To be at the intersection of being a Black woman is to always be criticized, misunderstood, or misrepresented. Although, it does get frustrating, there are countless women constantly breaking glass ceilings for those to come. Two recent standouts within the film/television industry are Nia DaCosta and Michaela Coel. Both have silenced doubters and continue to trailblaze a path to follow. Just in the past few months, these women have broken records in the industry by telling the stories that are close to their hearts and begged to be told and executed in the best way.
Unless you’ve been living deep underground, you know that for the past two years, the world (and more specifically the U.S.) has struggled amidst an ongoing pandemic. COVID halted and even still continues to halt full industries which is exactly what happened here with the revival of Candyman. This film was originally to be released July 12, 2020, directed and co-wrote by Nia DaCosta (Little Woods). The movie was delayed on three separate occasions until MGM, Universal, and DaCosta greenlit the decision to release the film exclusively in theaters on August 27, 2021. This was extremely controversial because the film was so highly anticipated but the wait immediately paid off. DaCosta’s Candyman exceeded their $15 million expectations, earning $22 million within the first three days of its premiere. This landed DaCosta as the first Black woman director to debut a number one film at the box office. “We wanted the horror and humanity of Candyman to be experienced in a collective, a community.” DaCosta tweeted last year. She went on to write, “We made Candyman to be seen in theaters…not just for the spectacle but because the film is about community and stories—how they shape each other, how they shape us. It’s about the collective experience of trauma & joy, suffering & triumph, and stories we tell around it.” With this film still gaining so much attention, DaCosta is already planning her next move to direct The Marvels, sequel to Captain Marvel, also making her the youngest and first Black woman to direct a Marvel film.
The next woman into the spotlight is award-winning, actress, writer, producer, and director Michaela Coel. “I May Destroy You” premiered on HBO Max in June (through July) 2020 and was instantly praised on Rotten Tomatoes and by The New York Times. On September 18, 2021 the Television Academy announced that “I May Destroy You” had won the award for “Outstanding Writing for a Limited or Anthology Series or Movie”. The award went to none other than Coel herself, the first Black woman to win in this category. Shown in complete shock, Coel rose to accept the award and deliver a beautiful acceptance speech.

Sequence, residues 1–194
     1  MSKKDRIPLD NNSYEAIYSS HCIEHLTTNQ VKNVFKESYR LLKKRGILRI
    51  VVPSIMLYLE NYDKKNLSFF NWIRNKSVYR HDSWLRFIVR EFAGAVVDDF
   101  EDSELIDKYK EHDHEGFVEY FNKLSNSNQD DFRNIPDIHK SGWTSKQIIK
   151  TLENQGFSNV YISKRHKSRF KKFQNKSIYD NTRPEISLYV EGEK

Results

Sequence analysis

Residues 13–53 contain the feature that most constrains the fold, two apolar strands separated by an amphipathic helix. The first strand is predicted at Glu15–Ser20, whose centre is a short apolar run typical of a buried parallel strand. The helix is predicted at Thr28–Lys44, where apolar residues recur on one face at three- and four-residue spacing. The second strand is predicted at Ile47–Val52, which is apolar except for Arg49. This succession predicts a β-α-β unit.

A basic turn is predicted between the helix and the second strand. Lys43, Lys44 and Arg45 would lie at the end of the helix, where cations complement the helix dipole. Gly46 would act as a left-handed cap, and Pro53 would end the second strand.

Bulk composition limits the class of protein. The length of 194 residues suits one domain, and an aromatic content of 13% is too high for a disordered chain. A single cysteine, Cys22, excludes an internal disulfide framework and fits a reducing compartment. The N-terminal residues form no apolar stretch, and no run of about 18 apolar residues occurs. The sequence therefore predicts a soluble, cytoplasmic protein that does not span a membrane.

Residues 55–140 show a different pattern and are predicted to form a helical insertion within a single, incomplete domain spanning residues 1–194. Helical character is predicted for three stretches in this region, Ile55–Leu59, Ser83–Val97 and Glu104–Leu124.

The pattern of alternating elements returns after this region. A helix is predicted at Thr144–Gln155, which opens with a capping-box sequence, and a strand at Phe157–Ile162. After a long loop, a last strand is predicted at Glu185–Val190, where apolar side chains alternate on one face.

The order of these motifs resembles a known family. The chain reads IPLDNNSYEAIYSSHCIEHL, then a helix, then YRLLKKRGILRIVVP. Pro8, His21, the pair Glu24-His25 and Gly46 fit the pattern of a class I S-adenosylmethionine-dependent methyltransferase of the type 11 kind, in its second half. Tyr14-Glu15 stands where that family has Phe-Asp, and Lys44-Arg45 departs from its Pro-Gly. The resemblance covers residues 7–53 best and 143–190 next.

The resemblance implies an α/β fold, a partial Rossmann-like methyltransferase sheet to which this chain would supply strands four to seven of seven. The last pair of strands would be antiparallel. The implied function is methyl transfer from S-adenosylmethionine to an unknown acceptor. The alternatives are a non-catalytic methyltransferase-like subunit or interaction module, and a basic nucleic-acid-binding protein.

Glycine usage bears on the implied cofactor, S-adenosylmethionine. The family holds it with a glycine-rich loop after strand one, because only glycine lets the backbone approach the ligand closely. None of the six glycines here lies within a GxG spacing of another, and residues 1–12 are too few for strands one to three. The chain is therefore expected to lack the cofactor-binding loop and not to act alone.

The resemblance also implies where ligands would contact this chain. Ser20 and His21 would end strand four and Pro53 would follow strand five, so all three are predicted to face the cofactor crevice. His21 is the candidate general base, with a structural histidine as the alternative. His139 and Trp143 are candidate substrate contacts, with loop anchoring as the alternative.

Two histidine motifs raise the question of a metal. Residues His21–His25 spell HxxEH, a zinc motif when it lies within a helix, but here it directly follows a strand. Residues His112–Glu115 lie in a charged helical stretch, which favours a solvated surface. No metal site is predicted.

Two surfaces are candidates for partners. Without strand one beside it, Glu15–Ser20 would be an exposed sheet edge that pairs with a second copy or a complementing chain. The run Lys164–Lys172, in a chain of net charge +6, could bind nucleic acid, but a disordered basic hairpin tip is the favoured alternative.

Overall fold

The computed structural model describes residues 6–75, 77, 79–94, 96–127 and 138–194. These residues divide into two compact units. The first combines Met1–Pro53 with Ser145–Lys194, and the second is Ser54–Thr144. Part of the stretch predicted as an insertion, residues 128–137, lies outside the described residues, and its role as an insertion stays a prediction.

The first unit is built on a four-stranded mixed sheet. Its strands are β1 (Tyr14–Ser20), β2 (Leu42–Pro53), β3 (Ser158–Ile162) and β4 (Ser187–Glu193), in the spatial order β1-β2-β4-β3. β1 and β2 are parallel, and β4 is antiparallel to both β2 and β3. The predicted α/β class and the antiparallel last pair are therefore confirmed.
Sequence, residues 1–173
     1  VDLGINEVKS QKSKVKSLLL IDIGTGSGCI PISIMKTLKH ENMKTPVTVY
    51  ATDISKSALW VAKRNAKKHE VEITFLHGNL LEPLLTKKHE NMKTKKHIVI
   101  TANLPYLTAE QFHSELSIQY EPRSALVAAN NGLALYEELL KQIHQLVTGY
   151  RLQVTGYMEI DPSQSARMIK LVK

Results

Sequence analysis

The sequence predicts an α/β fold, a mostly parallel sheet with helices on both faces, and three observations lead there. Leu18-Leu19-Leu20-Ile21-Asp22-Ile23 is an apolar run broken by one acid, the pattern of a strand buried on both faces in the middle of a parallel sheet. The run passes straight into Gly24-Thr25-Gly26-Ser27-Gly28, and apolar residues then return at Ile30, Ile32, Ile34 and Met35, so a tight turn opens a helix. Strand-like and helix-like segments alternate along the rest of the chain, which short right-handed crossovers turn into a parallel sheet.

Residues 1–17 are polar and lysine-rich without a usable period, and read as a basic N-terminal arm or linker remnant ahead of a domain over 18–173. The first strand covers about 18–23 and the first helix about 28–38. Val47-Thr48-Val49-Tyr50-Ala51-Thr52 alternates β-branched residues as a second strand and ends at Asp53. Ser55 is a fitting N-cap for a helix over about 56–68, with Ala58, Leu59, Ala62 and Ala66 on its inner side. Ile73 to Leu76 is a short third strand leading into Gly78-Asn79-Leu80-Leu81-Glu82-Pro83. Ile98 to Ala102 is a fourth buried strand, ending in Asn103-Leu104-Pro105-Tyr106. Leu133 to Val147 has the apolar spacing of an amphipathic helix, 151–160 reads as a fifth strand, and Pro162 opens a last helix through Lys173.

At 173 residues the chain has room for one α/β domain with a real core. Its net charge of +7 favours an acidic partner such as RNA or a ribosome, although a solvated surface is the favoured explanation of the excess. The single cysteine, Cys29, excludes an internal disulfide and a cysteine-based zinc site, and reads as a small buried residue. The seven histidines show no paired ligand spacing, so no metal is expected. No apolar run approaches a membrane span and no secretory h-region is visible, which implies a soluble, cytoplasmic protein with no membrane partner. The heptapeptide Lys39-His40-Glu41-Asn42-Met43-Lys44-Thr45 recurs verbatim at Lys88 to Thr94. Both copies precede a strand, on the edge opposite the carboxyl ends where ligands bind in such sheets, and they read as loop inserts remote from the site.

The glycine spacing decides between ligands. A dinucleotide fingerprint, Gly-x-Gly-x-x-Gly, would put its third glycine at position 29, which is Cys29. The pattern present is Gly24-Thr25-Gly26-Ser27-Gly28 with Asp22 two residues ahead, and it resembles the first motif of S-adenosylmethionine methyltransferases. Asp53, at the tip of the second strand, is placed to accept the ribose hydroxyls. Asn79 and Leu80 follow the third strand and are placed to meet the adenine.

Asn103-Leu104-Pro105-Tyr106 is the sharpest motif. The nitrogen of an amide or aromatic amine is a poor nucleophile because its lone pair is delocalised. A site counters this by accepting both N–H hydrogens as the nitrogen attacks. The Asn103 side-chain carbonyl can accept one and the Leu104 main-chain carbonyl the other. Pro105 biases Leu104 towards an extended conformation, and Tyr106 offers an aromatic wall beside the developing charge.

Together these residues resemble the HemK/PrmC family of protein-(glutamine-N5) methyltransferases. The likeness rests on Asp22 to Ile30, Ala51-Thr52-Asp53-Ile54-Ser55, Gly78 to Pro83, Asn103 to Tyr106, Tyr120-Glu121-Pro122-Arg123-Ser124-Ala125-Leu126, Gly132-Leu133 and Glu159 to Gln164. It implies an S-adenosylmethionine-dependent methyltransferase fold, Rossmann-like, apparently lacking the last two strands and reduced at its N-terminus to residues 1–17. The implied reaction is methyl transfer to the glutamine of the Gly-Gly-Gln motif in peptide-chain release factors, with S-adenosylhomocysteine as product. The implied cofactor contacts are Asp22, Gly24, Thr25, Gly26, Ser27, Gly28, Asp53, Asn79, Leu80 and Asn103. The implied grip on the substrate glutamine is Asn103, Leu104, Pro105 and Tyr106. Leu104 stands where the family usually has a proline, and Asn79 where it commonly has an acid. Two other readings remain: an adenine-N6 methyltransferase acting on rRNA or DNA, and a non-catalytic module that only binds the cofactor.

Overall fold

The series, which is based on her own experience, also had several other nominations this year including, “Outstanding Limited or Anthology Series or Movie” and “Outstanding Directing for a Limited or Anthology Series or Movie”. In a conversation with Variety Magazine, Coel stated that in May 2017 she originally negotiated a deal with Netflix. That deal flopped when Coel asked for a percentage of the series copyright. She told Variety, “It wasn’t just a check, I needed to know what was behind the check and exactly how things were operating…I began to ask questions…That wasn’t easy. But then the minute you begin to ask, and you realize that the answers aren’t clear, for me then it was very easy.” Lastly, she stated, “I felt incredibly empowered…there were contracts I was yet to sign and I said, ‘you know, if the word of mouth that I’m going to do this is enough for you to take me to court, then take everything I have. The little I have, then take it. I will be left homeless and poor and I will say no to this.’ I was prepared. So I was empowered and happy to have nothing and left desolate.” Coel still has a bright future, she will be joining DaCosta into the Marvel Cinematic Universe with her upcoming role in Black Panther 2: Wakanda Forever.
If we can learn anything from these women, it’s to wait; to trust your instincts in knowing your worth in your creation. Seeing these women reach these highs is inspiring to those waiting in the wings, but they also speak to our joint experience of Black women to trust and to tell our collective and individual stories and find comfort in them.
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